National 3.6.2017 12:31 pm

Helen Zille suspended by DA, Maimane announces

Helen Zille. Picture: Supplied

Helen Zille. Picture: Supplied

The Western Cape premier refused to apologise for Twitter comments the DA leader described as ‘offensive’.

At a press conference on Saturday afternoon in Kempton Park, DA leader Mmusi Maimane announced that Western Cape premier Helen Zille has been suspended from all party activities over her refusal to apologise for her tweets about colonialism.

She remains the premier for now.

Maimane said that he had spoken to Zille at length to find a solution to the problem, but Zille had made public pronouncements in the wake of controversial tweets stating that the legacy of colonialism was not all bad that had done further damage to the DA and its project of appealing to more black voters.

He said that unseating the ANC from power in 2019 was the most important thing to focus on for the sake of the country and constitutionalism.

He said the DA would continue to focus on its core values and message of hope for South Africa.

Maimane said the DA’s Federal Executive had carefully considered Zille’s disciplinary case.

“In order that we focus our organisation on building one nation, I have spent countless times trying to resolve the matter that pertains to Premier Helen Zille using all available means.

“It has become clear that Premier Zille and I hold fundamentally different views about the direction the Democratic Alliance needs to accomplish in 2019 and the goals and the priorities … Ms Zille’s views and statements on colonialism are views that I do not support and I believe without doubt undermine the reconciliation project.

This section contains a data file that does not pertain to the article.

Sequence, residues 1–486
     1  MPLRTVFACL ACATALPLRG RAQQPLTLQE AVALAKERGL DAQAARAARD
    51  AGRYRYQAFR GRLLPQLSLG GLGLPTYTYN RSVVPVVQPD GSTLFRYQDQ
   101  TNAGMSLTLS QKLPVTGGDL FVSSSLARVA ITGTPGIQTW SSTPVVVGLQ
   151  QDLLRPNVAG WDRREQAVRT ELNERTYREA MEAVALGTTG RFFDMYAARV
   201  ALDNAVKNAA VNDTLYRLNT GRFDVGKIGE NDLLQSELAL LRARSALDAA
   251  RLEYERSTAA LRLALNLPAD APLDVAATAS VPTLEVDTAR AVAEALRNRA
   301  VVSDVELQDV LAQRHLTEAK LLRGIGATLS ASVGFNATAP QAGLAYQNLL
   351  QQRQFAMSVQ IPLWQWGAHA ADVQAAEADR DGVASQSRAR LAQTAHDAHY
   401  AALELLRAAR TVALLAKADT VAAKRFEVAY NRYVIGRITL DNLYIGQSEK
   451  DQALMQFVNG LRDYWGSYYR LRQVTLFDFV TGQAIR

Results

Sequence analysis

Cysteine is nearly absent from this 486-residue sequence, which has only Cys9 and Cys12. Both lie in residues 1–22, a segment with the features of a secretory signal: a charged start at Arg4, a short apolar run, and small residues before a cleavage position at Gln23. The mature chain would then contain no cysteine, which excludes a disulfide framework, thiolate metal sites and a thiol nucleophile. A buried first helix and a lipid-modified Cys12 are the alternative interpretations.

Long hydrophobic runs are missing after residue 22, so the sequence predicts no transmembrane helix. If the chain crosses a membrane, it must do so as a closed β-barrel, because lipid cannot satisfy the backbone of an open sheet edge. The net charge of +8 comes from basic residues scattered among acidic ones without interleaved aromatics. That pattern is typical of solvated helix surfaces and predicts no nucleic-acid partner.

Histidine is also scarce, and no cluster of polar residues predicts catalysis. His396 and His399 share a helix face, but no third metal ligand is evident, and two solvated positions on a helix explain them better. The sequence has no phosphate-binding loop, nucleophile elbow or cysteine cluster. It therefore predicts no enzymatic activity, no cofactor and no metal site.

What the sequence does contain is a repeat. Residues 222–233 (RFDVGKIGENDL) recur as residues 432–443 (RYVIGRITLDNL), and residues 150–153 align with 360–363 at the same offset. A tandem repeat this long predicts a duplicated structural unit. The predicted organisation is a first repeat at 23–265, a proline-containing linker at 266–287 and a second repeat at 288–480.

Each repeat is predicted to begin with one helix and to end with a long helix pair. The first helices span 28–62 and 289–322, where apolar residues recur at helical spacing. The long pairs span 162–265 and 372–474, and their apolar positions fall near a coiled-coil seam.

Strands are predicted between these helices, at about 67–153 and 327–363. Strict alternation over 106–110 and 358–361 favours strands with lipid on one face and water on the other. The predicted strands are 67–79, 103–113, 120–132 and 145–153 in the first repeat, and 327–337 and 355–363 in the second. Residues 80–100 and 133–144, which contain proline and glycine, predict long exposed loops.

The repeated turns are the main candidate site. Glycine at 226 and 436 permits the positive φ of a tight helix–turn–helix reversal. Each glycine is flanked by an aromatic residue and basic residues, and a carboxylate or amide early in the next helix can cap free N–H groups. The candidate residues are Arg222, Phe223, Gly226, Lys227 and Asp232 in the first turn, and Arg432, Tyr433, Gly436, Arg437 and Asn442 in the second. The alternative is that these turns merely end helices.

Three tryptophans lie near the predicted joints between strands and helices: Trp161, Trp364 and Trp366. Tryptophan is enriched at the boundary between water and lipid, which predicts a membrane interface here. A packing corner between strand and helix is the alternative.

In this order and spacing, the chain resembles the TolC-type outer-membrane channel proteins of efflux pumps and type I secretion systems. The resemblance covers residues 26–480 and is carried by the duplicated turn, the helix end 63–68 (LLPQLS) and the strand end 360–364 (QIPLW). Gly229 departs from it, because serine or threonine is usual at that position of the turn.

“There is no question that those original tweets and, in fact, subsequent justifications were things that I found personally deeply offensive, and I believe were offensive to many South Africans, and are damaging to the respective project that we are trying to build.

He said the history and context of “certain issues” needed to be understood “if we are going to build our dialogue”.

Maimane reiterated that he did not believe Zille was a racist. “She’s a South African who’s contributed, and contributed greatly to our nation.”

However, she had not been sensitive to the legitimate anger shown at her views.

He had therefore asked her to tender an unreserved apology to the nation, but “she has declined this request”, and had continued to damage the party with “pieces of information”.

The Federal Executive had therefore resolved to suspend her “from all party-related activity until such a time as the disciplinary hearing is concluded”.

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